By Phil Corso
Gov. Andrew Cuomo’s Women’s Equality Act failed to pass the state Legislature by session’s end despite widespread support in the state Assembly because of one provision bolstering abortion rights.
The 10-point bill set out to address unequal pay, reproductive rights and discriminatory practices against women while tightening penalties against sexual harassment and sex trafficking and received mostly bipartisan support, with one exception.
After cruising through the Assembly June 20, a provision assuring abortion rights already provided under Roe v. Wade could not get enough support, leading to the entire bill’s failure.
The bill could have possibly made it through the Legislature had its advocates been willing to accept the nine other provisions, but the all-or-nothing strategy had proven critical.
Assemblywoman Nily Rozic (D-Fresh Meadows) was one of the several Democrats to vote in favor of the bill and was opposed to dropping any of the 10 provisions. She joined with several other female Assembly members as the bill was heard in Albany vowing to only consider the Women’s Equality Act as one cohesive piece.
“The Women’s Equality Act closes loopholes and legal gray areas within the law to finally establish equal pay, equal rights and self-autonomy,” Rozic said. “It is time to end inequity in the workforce and in housing opportunities, to give women equal pay for equal work and to protect the health of women across New York state.”
Advocacy group Naral Pro-Choice New York came out against the governor dropping any parts of the legislation for the betterment of the bill, which eventually led to its failure to pass by session’s end after state Sen. Ruben Diaz (D-Bronx) joined with Republicans to shoot it down.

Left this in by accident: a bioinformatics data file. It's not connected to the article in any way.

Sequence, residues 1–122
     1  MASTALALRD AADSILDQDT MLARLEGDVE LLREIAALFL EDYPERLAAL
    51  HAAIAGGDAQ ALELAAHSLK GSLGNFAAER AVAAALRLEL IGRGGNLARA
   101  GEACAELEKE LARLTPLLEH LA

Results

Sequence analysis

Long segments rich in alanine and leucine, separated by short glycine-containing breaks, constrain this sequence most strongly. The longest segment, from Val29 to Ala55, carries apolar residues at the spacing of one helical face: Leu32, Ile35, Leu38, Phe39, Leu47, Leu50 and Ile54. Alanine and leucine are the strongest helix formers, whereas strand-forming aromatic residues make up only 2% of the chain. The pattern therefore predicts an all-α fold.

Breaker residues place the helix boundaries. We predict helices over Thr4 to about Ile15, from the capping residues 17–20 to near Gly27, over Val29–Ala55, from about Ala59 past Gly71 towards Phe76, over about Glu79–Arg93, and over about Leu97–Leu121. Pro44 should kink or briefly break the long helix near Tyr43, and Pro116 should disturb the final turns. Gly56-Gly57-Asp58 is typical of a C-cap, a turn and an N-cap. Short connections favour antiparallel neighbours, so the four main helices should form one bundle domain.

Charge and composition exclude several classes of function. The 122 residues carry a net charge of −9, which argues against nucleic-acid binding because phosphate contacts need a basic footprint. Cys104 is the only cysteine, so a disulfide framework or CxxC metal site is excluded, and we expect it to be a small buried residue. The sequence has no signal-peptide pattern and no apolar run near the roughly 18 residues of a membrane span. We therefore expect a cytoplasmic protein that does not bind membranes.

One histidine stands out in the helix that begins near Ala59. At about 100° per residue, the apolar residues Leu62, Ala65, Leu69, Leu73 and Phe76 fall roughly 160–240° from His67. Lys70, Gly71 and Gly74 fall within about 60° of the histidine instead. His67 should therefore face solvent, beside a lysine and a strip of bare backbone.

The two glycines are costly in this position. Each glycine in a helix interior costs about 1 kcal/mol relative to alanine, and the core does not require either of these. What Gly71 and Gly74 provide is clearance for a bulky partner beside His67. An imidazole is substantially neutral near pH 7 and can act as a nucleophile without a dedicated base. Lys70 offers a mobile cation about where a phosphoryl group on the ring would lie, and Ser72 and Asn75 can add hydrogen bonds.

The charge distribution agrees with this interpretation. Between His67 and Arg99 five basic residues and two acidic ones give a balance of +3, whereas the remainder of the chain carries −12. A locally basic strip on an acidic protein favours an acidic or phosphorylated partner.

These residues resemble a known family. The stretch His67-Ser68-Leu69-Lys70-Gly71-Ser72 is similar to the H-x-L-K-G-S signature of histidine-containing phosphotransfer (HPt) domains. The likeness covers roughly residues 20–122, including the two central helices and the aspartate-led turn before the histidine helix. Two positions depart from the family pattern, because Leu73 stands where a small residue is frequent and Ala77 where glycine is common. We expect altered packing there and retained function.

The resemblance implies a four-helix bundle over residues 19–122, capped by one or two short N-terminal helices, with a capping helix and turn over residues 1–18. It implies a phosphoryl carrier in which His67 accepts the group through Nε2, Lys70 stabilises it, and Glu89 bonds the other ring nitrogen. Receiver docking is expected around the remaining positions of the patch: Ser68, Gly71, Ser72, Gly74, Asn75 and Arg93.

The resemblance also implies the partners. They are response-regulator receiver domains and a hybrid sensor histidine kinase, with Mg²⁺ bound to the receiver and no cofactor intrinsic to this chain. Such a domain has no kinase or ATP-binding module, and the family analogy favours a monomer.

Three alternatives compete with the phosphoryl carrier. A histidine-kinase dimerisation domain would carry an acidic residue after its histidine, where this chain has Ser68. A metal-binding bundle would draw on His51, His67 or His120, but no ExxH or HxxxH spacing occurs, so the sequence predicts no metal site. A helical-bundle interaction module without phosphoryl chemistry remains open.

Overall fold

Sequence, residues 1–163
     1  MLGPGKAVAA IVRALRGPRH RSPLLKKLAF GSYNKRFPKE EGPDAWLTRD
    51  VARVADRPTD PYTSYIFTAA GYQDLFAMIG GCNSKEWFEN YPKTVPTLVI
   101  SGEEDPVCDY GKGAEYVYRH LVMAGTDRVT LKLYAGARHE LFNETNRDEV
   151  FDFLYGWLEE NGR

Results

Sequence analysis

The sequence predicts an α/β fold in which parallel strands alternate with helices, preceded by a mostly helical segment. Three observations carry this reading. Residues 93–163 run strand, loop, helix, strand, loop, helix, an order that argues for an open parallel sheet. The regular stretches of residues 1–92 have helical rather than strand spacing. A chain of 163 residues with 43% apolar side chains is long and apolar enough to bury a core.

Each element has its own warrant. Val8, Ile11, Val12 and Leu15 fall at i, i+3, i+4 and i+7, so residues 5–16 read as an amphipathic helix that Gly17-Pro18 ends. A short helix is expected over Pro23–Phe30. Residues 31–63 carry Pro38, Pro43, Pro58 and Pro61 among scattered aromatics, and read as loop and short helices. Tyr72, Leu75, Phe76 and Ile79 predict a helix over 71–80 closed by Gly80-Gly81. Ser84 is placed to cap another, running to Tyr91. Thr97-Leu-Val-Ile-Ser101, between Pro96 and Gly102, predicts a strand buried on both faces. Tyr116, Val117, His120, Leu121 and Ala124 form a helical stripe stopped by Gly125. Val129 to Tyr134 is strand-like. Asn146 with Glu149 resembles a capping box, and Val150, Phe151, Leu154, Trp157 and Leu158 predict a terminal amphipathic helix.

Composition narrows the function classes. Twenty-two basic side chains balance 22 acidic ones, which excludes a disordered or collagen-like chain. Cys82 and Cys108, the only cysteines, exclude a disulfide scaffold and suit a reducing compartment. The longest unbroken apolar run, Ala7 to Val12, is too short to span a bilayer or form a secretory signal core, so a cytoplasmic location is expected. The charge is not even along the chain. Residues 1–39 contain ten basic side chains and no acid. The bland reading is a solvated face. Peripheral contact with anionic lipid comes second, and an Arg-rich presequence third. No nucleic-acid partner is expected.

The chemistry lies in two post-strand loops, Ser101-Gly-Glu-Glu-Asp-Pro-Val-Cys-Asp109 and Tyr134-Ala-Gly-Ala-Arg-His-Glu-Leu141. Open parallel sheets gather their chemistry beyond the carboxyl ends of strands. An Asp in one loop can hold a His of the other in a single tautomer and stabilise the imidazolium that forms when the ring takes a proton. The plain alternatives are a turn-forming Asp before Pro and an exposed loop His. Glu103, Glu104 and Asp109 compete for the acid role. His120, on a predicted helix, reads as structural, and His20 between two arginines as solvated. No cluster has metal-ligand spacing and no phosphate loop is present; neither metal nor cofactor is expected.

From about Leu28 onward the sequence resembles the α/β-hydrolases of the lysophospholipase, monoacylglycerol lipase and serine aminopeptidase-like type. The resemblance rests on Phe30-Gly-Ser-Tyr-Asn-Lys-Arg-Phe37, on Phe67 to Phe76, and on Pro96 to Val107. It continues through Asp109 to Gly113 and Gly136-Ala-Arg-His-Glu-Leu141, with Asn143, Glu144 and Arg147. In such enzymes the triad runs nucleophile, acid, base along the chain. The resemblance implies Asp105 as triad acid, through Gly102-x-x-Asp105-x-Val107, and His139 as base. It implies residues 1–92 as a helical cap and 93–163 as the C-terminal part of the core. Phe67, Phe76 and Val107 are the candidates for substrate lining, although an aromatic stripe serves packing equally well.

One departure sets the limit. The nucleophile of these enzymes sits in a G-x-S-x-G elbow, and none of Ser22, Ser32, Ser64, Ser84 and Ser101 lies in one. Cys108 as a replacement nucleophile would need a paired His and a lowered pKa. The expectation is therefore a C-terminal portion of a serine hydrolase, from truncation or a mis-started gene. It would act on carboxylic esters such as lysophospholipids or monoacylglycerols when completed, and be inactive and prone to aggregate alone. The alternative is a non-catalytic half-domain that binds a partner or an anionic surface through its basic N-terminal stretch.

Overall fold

“The New York state Senate failed the 10 million women of New York by refusing to pass all 10 widely popular and deeply necessary points that comprise the Women’s Equality Act,” a spokeswoman said. “Because they refused to bring a vote to the floor on critical protections for a woman’s right to choose, they left the whole agenda on the table.”
The key provision that ended up being the deal breaker centered around freedom of choice. Cuomo said the bill would have codified existing law to protect a woman’s right to obtain an abortion and ensure that state laws are consistent with the law of the land. All other nine provisions received support in the Republican-controlled Senate until the abortion provision was introduced, leading to the entire bill’s failure.
“Each and every one of these issues is vitally important to the future of women in our state, and New Yorkers deserve to know where their elected representatives stand on all of them,” Cuomo said. “New York is the last place where women’s rights should be held back. It is the place where they must move forward.”
Reach reporter Phil Corso by e-mail at firstname.lastname@example.org or by phone at 718-260-4573.